Thursday, February 25, 2010

On Faith and Knowledge

In my last post, I discussed the nature of my skepticism regarding claims of God, miracles and the supernatural. It's a response to the common theist argument that I'm being dogmatic, closed-minded, and that mine is just as much a matter of faith as theirs. Beyond the fact that this tu quoque* is not an argument, it does make me want to talk, again, about the question how do you get your knowledge?

When it comes to truth claims, again, I have two First Principles: first, that a claim should not be accepted until it has been demonstrated. Second, truth should be constant for all observers. We live in a world where journalistic balance requires two talking heads from either side of any issue to go on television and argue with each other for five minutes. We think of understanding of issues involves my version, your version, and the truth somewhere in the middle.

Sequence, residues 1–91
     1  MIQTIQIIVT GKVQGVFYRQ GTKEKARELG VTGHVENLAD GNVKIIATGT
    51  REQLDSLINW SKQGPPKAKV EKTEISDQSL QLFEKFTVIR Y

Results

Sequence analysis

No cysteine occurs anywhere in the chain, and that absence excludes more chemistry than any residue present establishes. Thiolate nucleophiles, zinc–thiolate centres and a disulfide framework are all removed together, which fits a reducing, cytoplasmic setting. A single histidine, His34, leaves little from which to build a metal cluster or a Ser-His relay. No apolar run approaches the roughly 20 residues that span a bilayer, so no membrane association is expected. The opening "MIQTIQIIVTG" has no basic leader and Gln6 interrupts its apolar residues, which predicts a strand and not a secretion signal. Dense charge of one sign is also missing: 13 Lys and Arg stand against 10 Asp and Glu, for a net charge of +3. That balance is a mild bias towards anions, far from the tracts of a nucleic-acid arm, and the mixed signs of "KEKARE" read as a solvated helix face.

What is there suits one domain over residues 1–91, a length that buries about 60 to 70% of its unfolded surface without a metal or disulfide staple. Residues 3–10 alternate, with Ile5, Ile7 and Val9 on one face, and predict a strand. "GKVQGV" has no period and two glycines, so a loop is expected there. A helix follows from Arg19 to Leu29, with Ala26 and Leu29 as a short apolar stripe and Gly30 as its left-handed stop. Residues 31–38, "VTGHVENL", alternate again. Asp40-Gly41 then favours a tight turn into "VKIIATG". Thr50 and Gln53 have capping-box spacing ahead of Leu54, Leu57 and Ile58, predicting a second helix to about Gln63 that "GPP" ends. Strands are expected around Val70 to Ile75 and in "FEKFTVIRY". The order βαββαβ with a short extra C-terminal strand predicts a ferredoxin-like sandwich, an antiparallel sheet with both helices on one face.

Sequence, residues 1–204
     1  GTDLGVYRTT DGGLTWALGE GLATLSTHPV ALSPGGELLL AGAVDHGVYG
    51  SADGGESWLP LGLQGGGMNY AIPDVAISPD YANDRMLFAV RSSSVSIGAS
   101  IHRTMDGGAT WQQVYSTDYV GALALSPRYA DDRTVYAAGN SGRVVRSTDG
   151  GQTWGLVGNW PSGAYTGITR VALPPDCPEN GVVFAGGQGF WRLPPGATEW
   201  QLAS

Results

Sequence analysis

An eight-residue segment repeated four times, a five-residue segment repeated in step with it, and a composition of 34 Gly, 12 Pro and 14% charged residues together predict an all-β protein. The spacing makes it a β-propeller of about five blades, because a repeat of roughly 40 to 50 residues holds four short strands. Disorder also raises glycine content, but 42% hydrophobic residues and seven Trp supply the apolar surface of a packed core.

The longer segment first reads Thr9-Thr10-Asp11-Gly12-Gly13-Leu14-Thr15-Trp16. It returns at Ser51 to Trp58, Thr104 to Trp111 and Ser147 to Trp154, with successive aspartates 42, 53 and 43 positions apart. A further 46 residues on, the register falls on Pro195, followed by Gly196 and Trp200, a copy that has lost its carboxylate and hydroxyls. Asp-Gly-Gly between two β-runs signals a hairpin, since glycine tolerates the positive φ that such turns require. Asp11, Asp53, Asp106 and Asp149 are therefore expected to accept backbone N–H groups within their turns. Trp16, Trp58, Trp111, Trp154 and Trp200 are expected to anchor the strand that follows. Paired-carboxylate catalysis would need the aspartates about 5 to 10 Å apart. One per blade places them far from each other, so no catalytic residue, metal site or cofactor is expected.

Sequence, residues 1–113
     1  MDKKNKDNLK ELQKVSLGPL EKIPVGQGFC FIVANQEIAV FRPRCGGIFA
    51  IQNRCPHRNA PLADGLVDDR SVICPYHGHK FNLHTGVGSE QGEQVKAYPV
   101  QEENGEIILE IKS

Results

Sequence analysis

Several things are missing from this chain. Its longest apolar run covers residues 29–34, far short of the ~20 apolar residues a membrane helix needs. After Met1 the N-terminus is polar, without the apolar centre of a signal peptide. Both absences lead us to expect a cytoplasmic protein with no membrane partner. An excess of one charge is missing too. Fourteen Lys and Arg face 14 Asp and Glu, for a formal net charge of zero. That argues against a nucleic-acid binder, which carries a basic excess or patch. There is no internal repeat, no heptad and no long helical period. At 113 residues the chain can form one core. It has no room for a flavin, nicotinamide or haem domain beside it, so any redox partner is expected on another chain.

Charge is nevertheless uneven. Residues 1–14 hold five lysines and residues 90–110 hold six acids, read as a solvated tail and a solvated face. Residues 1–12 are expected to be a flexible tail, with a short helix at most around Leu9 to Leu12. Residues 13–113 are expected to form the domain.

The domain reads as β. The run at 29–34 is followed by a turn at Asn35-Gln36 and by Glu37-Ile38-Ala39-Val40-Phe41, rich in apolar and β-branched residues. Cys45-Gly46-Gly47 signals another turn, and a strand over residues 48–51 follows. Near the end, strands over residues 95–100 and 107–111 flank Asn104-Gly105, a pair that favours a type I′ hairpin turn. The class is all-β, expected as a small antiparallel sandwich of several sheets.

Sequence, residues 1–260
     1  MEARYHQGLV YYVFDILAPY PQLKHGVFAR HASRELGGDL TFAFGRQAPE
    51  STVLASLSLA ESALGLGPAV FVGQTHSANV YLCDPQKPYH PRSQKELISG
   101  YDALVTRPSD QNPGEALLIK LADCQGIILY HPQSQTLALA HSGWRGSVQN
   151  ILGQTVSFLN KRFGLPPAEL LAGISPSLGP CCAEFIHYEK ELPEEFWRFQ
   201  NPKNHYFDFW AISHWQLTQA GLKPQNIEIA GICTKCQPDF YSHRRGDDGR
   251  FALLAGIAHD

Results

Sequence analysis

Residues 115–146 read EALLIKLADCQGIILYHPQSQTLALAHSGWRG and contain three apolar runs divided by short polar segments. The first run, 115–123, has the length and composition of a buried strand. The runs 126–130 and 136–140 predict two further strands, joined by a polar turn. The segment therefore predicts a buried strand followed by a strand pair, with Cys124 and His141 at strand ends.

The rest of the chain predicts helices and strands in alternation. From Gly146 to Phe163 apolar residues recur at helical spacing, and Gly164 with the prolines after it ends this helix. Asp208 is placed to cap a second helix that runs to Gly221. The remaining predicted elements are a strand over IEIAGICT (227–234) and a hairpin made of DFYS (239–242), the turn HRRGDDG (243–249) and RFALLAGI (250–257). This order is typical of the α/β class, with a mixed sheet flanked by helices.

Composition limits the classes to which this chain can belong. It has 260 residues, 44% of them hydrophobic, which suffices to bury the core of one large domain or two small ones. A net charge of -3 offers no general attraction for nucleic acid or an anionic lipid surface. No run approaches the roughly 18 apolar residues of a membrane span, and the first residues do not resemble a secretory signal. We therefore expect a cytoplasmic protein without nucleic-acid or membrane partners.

It doesn't always work that way, though, particularly in formal argumentation. In fact, the third of the Logical Absolutes is the Law of the Excluded Middle for statements of truth. For example, the statement "God exists" is either true, or it is false, not both at the same time and not any kind of halfway. One of the two possibilities is necessarily wrong. Theists make the claim that one can obtain knowledge through faith, and I propose that this claim is false.

What is "faith?" The apostle Paul wrote that faith is the assurance of things hoped for, the conviction of things not seen. I agree. Paul is saying that to have faith is to act as if your belief is true. He says "assurance," "conviction," regarding things hoped for, and not seen. He instructs us to treat hopes as certain and to use certainty as truth, without confirmation or evidence.